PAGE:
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Solvent Abuse: What is it, how Does it Work?


Wednesday, September 17th, 2008 Solvent Abuse: What is it, how Does it Work?

The facts:
more than one person a week dies
from volatile solvent abuse between 70-100 each. When you think of drug-related deaths, images of Leah Betts spring to mind, rather than those of deodorant bottles. However glue sniffing kills many more people than ecstasy, just without all the press coverage. These are not street drugs, the average home has 30 kitchen and bathroom products that can be abused, and it is the very fact that all of these substances are legal and have legitimate uses that allows users to argue that they are doing nothing wrong.

The products to be aware of include: butane gas cigarette lighter refills, liquefied domestic gas, solvent based adhesives, deodorant aerosols, pain relief sprays, Abusable products aerosol air fresheners, hairspray, other aerosols, some typewriter correction fluids, petrol, certain paints, paint thinners & removers, dry cleaning agents, petrol lighter fuel, nail varnish & varnish remover, some shoe & metal polish, and plaster remover.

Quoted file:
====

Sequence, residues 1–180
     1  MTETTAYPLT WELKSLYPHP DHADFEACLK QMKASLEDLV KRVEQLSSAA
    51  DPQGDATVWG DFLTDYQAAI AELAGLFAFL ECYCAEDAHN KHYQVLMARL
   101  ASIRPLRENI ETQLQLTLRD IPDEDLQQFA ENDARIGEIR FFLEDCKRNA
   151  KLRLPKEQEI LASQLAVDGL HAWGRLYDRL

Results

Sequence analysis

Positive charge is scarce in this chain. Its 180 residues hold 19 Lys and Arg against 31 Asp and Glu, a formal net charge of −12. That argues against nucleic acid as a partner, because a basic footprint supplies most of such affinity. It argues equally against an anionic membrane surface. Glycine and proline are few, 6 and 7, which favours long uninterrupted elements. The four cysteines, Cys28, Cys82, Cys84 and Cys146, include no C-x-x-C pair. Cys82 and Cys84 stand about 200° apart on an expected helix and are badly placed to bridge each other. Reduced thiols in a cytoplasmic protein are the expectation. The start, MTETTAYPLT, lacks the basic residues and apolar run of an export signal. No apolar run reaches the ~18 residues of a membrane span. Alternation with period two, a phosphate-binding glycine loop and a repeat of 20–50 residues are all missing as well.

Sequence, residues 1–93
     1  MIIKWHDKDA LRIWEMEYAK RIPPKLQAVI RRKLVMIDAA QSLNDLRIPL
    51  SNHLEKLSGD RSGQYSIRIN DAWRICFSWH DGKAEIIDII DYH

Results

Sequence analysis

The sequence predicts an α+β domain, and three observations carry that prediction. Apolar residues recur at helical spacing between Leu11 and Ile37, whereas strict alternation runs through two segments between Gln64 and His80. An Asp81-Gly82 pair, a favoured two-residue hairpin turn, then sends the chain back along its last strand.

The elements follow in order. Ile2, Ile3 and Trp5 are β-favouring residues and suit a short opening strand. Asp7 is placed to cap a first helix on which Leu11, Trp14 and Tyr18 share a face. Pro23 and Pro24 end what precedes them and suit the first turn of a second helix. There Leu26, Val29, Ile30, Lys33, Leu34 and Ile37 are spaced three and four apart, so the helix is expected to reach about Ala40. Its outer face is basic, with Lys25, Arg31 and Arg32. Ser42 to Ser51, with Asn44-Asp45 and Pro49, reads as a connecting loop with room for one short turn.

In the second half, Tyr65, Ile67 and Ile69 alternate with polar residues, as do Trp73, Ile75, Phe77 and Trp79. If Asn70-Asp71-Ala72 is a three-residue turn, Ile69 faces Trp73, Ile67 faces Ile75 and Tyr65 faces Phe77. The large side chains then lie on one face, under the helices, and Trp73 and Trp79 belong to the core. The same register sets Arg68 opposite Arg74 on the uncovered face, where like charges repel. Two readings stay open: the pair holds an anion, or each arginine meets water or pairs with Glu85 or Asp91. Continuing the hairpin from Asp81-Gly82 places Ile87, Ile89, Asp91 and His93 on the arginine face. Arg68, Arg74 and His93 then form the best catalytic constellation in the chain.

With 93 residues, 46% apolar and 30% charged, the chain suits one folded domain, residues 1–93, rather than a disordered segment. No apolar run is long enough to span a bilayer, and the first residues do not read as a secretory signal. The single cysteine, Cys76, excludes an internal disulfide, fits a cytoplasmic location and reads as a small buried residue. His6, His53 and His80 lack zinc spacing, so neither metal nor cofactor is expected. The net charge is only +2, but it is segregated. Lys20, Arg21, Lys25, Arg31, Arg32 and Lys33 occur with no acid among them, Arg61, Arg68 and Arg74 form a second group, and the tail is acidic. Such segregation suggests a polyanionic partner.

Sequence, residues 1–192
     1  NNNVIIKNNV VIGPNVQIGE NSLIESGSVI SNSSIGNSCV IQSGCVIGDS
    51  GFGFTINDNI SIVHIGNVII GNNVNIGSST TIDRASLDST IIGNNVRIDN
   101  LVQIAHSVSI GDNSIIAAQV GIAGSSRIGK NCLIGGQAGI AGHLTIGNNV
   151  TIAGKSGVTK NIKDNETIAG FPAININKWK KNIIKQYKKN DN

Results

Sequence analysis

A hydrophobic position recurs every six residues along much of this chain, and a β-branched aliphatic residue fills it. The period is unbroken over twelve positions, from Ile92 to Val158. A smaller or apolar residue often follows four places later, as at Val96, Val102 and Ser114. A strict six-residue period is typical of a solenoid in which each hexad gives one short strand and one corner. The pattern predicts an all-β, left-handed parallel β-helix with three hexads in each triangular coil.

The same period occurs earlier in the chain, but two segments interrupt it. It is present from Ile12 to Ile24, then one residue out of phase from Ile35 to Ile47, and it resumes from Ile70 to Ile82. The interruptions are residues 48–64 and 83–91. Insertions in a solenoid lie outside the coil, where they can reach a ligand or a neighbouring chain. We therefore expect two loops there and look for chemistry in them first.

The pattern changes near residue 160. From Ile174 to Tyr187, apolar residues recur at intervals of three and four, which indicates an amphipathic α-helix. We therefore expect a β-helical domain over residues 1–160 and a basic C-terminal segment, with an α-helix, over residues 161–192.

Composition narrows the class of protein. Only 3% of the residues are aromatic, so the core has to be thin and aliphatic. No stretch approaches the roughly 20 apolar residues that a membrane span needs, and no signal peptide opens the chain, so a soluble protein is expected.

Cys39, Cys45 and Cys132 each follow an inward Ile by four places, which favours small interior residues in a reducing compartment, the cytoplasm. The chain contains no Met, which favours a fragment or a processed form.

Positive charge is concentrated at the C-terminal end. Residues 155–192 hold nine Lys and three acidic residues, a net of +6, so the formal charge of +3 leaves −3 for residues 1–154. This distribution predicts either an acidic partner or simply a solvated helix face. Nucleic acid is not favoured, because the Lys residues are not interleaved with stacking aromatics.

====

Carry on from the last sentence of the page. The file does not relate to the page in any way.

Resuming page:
The numbers:
In 2001 VSA was responsible for seven times the number of fatalities than those related to ecstasy. A huge impact on public health is young peoples use of solvents and inhalants after cannabis and alcohol these are the substances most commonly used by 15- to 16-year-olds in the EU, and found that one in seven 15- and 16-year-olds in Britain sniff solvents to get high

How do people die?
Sniffing solvents may cause intoxication similar to the effects of alcohol. So a sniffer may become drowsy, confused, aggressive, may take more risks than they would when sober, and so on. Accidents are, therefore, quite common and sometimes fatal.

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